Apple is doing something with cars, whether it's building a car itself or just researching software for self-driving cars. But whatever it's doing, it's happening on a tiny dead end street in an industrial neighborhood in Sunnyvale, California, according to a slew of reports.
Neighbors have complained about "motor noises" coming from this complex at night.
The complex has been linked to Apple through public records, which also suggest that one of the offices have had a "lube bay," a "wheel balancer," "tire changer," and "wheel sensor" installed.
So when I was in Silicon Valley last month, I decided to drive by to check out this facility that Apple has reportedly codenamed "Rhea." (In Greek mythology, Rhea is a Titan, and Apple's car project is reportedly called "Project Titan.")
When I got there, I discovered a complex of boring office buildings with frosted windows. The street was pretty barren and the parking lots were empty. It was a Sunday, after all.
But in front of 175 San Gabriel Dr, I spotted two brand new Tesla Model X SUVs — the new electric SUV that came out earlier this year. They're pretty rare. Tesla's only sold about 7,000 of them, and two of them were in front of Apple's car office.
The SUVs aren't necessarily Apple's. The cars could have been just randomly parked on the street, or they could have belonged to Apple employees — lots of Apple workers drive Teslas, and some of its engineers may have been among the first to buy the new SUV.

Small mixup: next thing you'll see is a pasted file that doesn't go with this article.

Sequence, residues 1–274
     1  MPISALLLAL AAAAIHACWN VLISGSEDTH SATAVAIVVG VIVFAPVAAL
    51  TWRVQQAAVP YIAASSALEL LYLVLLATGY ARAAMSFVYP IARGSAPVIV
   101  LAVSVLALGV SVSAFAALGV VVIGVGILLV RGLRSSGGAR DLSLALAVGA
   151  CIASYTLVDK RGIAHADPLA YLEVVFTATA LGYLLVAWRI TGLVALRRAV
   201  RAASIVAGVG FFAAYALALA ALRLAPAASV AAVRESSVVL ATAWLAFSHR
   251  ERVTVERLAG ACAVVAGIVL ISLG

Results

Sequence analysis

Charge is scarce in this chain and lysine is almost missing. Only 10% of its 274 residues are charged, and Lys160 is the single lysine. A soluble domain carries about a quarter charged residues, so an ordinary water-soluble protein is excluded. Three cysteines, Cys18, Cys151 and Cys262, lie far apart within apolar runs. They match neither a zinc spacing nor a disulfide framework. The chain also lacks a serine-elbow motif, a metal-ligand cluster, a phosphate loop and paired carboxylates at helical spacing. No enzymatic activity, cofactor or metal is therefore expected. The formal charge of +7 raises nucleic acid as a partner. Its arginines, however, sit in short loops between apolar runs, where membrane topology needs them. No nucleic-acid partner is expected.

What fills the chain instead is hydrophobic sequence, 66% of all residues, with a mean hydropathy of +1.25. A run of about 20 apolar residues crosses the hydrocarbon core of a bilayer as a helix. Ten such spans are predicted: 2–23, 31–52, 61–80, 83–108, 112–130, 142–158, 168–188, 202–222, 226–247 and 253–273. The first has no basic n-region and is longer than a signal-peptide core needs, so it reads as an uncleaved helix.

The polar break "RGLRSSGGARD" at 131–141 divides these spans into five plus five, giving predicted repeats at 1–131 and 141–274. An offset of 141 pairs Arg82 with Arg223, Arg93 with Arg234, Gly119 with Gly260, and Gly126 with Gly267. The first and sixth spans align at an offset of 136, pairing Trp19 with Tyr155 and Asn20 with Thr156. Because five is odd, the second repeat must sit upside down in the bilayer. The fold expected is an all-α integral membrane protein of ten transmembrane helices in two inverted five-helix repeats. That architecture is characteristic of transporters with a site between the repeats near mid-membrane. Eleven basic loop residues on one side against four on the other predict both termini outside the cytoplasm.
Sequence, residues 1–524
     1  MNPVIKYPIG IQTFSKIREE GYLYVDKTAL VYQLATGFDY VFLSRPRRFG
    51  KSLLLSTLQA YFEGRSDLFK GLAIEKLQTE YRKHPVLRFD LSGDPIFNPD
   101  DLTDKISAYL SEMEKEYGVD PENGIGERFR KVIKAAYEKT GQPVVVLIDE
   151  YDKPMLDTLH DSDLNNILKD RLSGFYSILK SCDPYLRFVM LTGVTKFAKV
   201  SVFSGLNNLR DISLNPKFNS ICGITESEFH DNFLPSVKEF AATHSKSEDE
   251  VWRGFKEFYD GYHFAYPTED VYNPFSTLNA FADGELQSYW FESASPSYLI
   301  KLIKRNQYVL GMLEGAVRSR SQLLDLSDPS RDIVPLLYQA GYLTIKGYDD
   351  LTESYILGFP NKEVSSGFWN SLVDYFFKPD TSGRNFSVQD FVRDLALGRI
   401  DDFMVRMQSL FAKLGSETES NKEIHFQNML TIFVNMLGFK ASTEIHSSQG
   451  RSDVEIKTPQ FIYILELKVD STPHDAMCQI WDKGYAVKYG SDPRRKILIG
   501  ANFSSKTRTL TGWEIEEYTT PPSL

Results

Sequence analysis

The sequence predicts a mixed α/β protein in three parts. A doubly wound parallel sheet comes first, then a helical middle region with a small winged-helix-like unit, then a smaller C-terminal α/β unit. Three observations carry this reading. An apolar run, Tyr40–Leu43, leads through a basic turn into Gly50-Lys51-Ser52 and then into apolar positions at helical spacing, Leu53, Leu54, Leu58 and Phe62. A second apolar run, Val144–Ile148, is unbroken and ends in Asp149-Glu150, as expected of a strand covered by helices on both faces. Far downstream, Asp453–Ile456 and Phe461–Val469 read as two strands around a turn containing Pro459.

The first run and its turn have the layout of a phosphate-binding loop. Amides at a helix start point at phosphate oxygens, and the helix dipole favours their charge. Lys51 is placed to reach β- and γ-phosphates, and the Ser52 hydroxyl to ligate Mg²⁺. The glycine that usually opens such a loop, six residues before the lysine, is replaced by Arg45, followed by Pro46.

But they were the only cars on the street on that Sunday. Neither had California plates — one had an special Illinois "interstate transport" plate, and the other had a generic Tesla "zero emissions" paper plate.
Apple did not respond to a request for comment.
Car companies regularly buy other companies' cars so they can see what the competition is up to. Ford bought one of the first Model Xs sold in the United States, for example. Since Apple's automotive ambitions center around electric cars, it would make sense to get acquainted with the Model X.
"It is common for auto companies to buy competitors' cars and tear them apart," Michelle Krebs, senior analyst for Autotrader.com, told Business Insider. "I think this would now apply to tech companies thinking about working on automotive."
The street has scary looking signs in front of its parking lots warning that trespassing is a crime, although San Gabriel Drive, where we took these photos, is a public road.
They look like this:
That bottom sign looks a lot like the standard sign Apple uses to warn people from trespassing, only it's missing any mention of Apple. Here's an Apple-specific sign we saw at another spot:
I didn't get a closer look at any of the offices. A security officer, wearing what looked like a black hat with an Apple logo, pulled up in a white Prius to keep an eye on me, so I drove away.
Do you know anything about Project Titan or Apple's car? Email the author at firstname.lastname@example.org.
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